Working for birds in Africa

Species

Mon, 01/14/2013 - 15:03 -- abc_admin
Djibouti_Somali_Starlings

Somali Starlings Onychognathus blythii, Djibouti

Image Credit: 
Abdi Jama

Country checklist and status

You can download and print a checklist for Djibouti.

Welch and Welch (1999) list 360 species and give a brief overview of ornithology in the country. The diverse avifauna is demonstrated by looking at the origins of the species recorded: endemic 1; breeding (restricted to Africa) 37; breeding (restricted to Africa and the Middle East) 44; breeding (global distribution) 34; migrant (predominantly of Palearctic origin) 127; vagrant (1 to 3 records) 65; extinct in Djibouti 1 (Helmeted Guineafowl Numida meleagris); status unknown (51).

The following species update was received in February 2011.

Djibouti’s is still little studied ornithologically and the current bird list is based on the result of several visits by Geoff and Hilary Welch from 1987 to 2009 and observations by Houssein Rayaleh / BirdLife Species Guardian. Other records were established by Birdquest (Djibouti & Somaliland trip report, Sept 2010).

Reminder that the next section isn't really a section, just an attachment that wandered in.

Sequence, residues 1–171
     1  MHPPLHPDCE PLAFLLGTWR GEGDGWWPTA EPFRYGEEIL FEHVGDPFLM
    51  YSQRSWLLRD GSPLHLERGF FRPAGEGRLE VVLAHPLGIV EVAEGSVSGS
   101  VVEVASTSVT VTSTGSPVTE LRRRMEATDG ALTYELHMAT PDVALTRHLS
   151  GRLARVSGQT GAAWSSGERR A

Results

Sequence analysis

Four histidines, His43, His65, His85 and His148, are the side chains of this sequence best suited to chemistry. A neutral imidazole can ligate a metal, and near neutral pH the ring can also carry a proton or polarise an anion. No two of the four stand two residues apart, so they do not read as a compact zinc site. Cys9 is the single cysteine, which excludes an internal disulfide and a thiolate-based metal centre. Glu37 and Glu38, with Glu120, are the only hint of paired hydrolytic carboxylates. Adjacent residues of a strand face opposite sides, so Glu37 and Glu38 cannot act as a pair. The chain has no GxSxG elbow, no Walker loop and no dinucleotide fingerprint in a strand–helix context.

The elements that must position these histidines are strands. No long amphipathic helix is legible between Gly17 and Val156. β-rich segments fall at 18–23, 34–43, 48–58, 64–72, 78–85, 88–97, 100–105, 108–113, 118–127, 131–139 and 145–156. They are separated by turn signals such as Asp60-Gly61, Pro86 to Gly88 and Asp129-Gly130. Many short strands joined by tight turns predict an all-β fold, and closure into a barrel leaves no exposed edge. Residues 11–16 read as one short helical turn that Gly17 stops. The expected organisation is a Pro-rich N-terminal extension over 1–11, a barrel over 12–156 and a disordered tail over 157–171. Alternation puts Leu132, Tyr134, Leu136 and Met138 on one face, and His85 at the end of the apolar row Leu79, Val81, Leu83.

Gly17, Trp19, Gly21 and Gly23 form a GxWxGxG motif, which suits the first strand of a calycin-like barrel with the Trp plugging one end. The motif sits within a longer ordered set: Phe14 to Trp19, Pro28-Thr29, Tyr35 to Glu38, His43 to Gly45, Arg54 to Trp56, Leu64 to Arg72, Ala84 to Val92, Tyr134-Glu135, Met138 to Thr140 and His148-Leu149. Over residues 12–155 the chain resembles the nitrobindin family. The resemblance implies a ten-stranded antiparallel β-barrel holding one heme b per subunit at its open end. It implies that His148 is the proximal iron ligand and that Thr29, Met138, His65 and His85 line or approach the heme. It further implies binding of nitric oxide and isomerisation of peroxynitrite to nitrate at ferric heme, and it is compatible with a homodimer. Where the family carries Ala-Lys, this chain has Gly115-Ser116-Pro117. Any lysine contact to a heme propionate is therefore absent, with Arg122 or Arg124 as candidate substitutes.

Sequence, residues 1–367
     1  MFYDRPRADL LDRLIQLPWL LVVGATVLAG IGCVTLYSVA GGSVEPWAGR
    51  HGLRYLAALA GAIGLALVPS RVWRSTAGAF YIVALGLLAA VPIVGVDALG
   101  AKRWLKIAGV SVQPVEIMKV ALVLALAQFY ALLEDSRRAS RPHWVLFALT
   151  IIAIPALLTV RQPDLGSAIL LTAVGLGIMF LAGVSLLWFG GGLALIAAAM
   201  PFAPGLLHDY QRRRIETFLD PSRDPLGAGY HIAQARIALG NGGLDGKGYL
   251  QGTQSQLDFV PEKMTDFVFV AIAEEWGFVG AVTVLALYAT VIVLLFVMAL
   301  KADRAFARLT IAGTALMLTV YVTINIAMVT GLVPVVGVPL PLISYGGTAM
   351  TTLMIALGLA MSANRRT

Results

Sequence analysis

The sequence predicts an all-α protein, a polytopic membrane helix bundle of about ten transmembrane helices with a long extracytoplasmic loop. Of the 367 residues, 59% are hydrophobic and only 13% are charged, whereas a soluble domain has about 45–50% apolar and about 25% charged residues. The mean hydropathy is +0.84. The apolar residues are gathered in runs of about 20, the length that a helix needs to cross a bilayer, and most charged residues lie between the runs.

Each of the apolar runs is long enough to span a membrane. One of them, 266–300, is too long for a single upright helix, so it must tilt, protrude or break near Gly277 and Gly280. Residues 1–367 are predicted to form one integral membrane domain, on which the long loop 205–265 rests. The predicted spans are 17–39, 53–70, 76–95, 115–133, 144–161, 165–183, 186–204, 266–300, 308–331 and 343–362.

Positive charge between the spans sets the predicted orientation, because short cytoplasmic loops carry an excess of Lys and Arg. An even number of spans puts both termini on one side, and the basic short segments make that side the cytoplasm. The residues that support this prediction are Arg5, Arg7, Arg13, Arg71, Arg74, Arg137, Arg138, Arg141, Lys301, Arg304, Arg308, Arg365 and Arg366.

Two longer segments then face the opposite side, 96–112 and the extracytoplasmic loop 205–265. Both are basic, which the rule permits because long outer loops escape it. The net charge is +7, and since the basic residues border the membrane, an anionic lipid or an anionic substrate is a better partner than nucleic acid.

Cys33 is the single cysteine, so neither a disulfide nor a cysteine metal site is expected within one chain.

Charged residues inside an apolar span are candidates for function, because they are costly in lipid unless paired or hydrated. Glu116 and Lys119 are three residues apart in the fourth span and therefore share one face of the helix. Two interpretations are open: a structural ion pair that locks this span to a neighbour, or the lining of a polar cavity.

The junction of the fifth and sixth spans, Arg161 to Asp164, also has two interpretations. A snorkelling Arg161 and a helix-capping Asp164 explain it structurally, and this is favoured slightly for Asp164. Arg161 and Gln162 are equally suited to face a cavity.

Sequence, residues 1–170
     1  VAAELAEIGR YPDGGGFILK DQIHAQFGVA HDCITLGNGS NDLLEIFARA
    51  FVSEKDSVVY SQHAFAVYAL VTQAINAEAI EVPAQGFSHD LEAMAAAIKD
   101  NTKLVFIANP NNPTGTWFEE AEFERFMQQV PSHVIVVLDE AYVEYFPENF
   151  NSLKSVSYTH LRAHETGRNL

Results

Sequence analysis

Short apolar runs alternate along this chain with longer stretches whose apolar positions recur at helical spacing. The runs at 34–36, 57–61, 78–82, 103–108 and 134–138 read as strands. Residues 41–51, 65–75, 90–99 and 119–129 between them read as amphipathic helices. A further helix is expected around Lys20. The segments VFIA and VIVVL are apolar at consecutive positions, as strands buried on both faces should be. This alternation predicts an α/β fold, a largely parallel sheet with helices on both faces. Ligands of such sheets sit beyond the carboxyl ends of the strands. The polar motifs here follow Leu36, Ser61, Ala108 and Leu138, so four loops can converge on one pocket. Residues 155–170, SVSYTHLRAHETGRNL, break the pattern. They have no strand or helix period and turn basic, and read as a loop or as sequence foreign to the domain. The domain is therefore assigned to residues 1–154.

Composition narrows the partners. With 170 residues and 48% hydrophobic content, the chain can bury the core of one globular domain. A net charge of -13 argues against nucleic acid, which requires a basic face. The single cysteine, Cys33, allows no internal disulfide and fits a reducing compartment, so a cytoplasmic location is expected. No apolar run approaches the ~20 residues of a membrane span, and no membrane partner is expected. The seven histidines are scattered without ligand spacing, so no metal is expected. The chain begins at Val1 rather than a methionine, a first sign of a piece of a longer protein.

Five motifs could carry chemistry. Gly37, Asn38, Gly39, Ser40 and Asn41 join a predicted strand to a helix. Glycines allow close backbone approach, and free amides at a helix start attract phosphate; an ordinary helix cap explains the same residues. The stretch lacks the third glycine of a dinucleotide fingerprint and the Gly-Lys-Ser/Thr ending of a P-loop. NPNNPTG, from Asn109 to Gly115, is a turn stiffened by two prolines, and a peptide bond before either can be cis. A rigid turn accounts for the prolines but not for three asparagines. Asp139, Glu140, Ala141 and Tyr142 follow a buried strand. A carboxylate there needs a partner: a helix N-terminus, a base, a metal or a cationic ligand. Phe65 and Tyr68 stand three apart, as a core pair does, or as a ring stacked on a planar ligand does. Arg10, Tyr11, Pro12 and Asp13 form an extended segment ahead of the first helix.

Despite limited observations and the small size of the country, 364 bird species have now been recorded (Geoff Welch et al. 2009, Houssein Rayaleh, pers.com). This impressive list is related to Djibouti’s geographical location at the narrowest point (Bab El Mandeb Straits) in the eastern entrance of the Red Sea. This is one of the most significant entry and exit points for bird migration between Africa and Asia / Europe and is used regularly by millions of migratory birds.

Endemic species

Djibouti Francolin

Francolinus ochropectus

Critical

Near endemic species (found in 3 or less countries)

Arabian Golden Sparrow

Passer euchlorus

 

 

Threatened species

Atlantic Petrel

Pterodroma incerta

Vulnerable

Greater Spotted Eagle

Aquila clanga

Vulnerable

Eastern Imperial Eagle

Aquila heliaca

Vulnerable

Lesser Kestrel

Falco naumanni

Vulnerable

White-eyed Gull

Larus leucophthalmus

Vulnerable

In addition there are two species whose taxonomic status has still to be determined. The first is a species (or race) of Melba Finch most closely resembling Green-winged Pytilia Pytilia melba but lacking any trace of red in the plumage, these areas being replaced by rich yellow. The second is an unidentified species of sunbird, probably a Nectarinia sp, seen in autumn 1987 but not since. Details of these sightings, and illustrations, are given in Welch and Welch (1998).

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